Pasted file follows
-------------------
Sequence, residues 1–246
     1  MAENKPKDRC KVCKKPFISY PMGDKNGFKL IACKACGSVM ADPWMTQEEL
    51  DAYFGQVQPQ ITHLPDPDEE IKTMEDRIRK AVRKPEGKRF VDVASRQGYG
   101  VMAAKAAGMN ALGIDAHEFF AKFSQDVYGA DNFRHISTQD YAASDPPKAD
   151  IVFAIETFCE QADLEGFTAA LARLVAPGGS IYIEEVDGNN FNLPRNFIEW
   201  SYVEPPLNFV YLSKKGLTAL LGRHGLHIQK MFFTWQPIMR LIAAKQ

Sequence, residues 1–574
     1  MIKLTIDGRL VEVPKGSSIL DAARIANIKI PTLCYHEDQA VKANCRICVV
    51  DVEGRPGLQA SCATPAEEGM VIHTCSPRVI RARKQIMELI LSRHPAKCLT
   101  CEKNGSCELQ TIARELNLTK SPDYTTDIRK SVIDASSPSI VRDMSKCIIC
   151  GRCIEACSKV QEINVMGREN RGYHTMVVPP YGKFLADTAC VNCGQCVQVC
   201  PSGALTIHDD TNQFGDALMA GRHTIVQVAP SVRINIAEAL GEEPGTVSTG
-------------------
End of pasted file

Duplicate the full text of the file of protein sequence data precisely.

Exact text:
Sequence, residues 1–246
     1  MAENKPKDRC KVCKKPFISY PMGDKNGFKL IACKACGSVM ADPWMTQEEL
    51  DAYFGQVQPQ ITHLPDPDEE IKTMEDRIRK AVRKPEGKRF VDVASRQGYG
   101  VMAAKAAGMN ALGIDAHEFF AKFSQDVYGA DNFRHISTQD YAASDPPKAD
   151  IVFAIETFCE QADLEGFTAA LARLVAPGGS IYIEEVDGNN FNLPRNFIEW
   201  SYVEPPLNFV YLSKKGLTAL LGRHGLHIQK MFFTWQPIMR LIAAKQ

Sequence, residues 1–574
     1  MIKLTIDGRL VEVPKGSSIL DAARIANIKI PTLCYHEDQA VKANCRICVV
    51  DVEGRPGLQA SCATPAEEGM VIHTCSPRVI RARKQIMELI LSRHPAKCLT
   101  CEKNGSCELQ TIARELNLTK SPDYTTDIRK SVIDASSPSI VRDMSKCIIC
   151  GRCIEACSKV QEINVMGREN RGYHTMVVPP YGKFLADTAC VNCGQCVQVC
   201  PSGALTIHDD TNQFGDALMA GRHTIVQVAP SVRINIAEAL GEEPGTVSTG